"You guys look like an alt rock group whose tour bus broke down in Omaha!" I tell the people I'm with, because, as it happens, they do. Foxy Xevious for one is a girl in leather with long dredlocks, while Jimmy Thompson sports a mohawk made of flame. And they're standing in a field of flowers and shrub, and a weathered farmhouse looms over them.
"I'm the groupie," their companion Dreams Lightcloud announces gamely, and as if to drive that point home, the girl with pink hair and platform heels begins to rock dance amid the long-stem roses.
Actually, what we're standing in is known as The Field of Dreams, which is also not a reference to the Kevin Costner film. It's an elaborate tech demo, and far as I know, I'm the first person associated with Linden Lab to see how a man who's spent a lot more of his time thinking about Canadian shipping routes has managed to beat Linden Lab at their own game. So to speak.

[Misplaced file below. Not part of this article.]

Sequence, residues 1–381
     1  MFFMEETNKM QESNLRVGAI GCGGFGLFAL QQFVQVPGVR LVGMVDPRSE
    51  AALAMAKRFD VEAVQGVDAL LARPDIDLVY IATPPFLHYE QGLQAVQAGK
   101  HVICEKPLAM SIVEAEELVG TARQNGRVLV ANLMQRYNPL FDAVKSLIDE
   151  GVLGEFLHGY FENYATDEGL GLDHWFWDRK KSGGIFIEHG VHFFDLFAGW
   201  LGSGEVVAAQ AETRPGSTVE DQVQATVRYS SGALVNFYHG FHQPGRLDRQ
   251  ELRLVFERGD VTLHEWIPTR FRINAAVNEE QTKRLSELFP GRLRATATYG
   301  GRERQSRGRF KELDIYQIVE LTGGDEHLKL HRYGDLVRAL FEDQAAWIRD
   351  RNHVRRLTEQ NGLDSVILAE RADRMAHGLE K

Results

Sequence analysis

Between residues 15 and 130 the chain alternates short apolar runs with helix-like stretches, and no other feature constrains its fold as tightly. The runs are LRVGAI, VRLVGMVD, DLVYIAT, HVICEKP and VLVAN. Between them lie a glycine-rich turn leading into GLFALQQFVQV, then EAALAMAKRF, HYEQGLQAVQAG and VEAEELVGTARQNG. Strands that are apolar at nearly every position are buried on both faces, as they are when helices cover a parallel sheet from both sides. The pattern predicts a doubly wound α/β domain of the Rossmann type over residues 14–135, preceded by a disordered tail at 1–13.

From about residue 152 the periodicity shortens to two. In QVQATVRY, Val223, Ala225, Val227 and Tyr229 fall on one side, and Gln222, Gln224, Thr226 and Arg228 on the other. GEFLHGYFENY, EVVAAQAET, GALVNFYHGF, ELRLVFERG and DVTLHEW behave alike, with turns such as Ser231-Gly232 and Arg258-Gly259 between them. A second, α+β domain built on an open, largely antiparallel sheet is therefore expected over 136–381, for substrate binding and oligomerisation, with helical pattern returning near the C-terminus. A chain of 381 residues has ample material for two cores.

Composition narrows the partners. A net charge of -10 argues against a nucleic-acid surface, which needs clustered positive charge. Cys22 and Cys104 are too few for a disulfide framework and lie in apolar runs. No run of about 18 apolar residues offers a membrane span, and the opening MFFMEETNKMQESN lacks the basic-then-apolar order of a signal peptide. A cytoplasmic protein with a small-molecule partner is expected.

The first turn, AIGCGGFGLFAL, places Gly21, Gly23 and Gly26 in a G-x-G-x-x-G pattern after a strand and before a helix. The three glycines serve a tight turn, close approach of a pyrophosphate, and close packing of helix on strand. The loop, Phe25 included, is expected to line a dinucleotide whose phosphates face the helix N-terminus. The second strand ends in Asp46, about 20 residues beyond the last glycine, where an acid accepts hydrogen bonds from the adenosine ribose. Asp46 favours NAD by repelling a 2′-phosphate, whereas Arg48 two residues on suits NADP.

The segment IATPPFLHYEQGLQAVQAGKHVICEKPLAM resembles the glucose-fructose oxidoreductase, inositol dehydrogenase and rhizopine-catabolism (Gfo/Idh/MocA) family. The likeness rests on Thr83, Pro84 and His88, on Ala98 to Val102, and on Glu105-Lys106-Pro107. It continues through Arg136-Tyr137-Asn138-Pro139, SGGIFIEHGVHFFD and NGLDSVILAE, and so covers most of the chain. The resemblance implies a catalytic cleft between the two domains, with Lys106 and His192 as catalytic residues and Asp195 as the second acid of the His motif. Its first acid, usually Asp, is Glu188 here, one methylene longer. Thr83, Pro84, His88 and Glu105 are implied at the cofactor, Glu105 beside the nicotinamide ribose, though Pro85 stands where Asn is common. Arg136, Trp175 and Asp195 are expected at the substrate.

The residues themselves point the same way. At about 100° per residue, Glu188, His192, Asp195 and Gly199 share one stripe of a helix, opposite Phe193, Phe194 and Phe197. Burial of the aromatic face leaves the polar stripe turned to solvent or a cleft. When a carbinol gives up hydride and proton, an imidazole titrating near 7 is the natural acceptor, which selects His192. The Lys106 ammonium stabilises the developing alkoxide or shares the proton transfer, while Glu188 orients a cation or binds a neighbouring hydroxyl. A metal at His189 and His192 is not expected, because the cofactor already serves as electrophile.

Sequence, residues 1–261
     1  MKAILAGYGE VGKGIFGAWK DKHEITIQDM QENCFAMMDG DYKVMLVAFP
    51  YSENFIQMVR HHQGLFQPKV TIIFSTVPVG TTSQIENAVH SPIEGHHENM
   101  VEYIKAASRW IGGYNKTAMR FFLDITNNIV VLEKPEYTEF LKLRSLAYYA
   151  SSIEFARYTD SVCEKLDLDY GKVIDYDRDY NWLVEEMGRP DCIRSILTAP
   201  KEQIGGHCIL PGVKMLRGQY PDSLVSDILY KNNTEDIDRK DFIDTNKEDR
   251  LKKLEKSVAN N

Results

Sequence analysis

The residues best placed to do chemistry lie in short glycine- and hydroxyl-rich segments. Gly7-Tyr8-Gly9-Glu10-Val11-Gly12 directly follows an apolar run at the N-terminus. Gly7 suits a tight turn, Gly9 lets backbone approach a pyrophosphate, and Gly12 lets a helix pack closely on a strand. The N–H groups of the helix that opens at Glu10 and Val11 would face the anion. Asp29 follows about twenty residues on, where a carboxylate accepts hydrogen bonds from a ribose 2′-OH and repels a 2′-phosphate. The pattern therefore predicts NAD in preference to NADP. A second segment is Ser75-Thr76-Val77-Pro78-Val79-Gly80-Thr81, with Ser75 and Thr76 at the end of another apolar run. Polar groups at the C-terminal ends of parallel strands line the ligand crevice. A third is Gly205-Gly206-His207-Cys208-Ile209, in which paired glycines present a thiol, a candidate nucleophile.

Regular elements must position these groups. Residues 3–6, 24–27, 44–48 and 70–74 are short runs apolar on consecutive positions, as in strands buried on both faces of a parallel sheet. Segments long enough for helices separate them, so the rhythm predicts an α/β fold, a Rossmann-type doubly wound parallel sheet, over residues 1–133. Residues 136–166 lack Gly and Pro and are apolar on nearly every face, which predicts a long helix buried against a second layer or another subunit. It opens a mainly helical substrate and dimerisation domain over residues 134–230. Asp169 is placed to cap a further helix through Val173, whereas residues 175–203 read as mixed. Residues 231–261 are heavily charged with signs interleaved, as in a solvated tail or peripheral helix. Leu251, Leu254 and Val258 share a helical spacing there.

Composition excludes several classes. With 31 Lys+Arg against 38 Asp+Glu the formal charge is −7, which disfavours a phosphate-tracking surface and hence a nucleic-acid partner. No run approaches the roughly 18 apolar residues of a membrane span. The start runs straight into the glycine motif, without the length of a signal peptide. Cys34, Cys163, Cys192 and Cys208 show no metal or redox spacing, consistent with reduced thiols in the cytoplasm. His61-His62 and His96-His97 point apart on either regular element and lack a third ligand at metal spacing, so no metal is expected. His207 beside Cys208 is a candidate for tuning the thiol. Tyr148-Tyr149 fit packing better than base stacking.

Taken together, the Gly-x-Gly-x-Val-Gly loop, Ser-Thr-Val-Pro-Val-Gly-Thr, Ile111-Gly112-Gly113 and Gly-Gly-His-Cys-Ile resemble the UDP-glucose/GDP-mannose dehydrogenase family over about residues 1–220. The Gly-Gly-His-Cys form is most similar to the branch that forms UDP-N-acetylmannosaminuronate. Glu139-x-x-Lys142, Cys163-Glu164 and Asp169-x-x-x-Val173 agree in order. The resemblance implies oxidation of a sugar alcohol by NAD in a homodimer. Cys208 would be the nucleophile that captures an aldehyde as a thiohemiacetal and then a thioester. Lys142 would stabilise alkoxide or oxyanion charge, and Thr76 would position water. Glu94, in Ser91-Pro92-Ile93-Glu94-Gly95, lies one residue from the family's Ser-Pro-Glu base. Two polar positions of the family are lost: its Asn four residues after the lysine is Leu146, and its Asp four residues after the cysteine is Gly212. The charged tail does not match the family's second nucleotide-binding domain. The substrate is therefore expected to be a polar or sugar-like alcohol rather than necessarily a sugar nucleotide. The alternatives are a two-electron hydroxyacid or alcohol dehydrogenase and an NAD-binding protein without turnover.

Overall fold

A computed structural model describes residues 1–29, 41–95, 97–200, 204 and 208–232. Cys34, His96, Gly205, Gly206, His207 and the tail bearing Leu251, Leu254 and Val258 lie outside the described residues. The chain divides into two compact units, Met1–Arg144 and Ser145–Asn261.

"I’m doing research [on] how to improve visual quality inside Second Life," Jimmy explains, "and the field is one of many prototype we made." He created it, he says, from "the desire to override the actual way Lindens implemented vegetation inside SL. [We needed a] more convincing and realistic solution." The result-- if I can briefly report from backstage-- got most of the developers and programmers at Linden Lab to gather around a single monitor, looking at Jimmy's field, gap-mouthed in awe.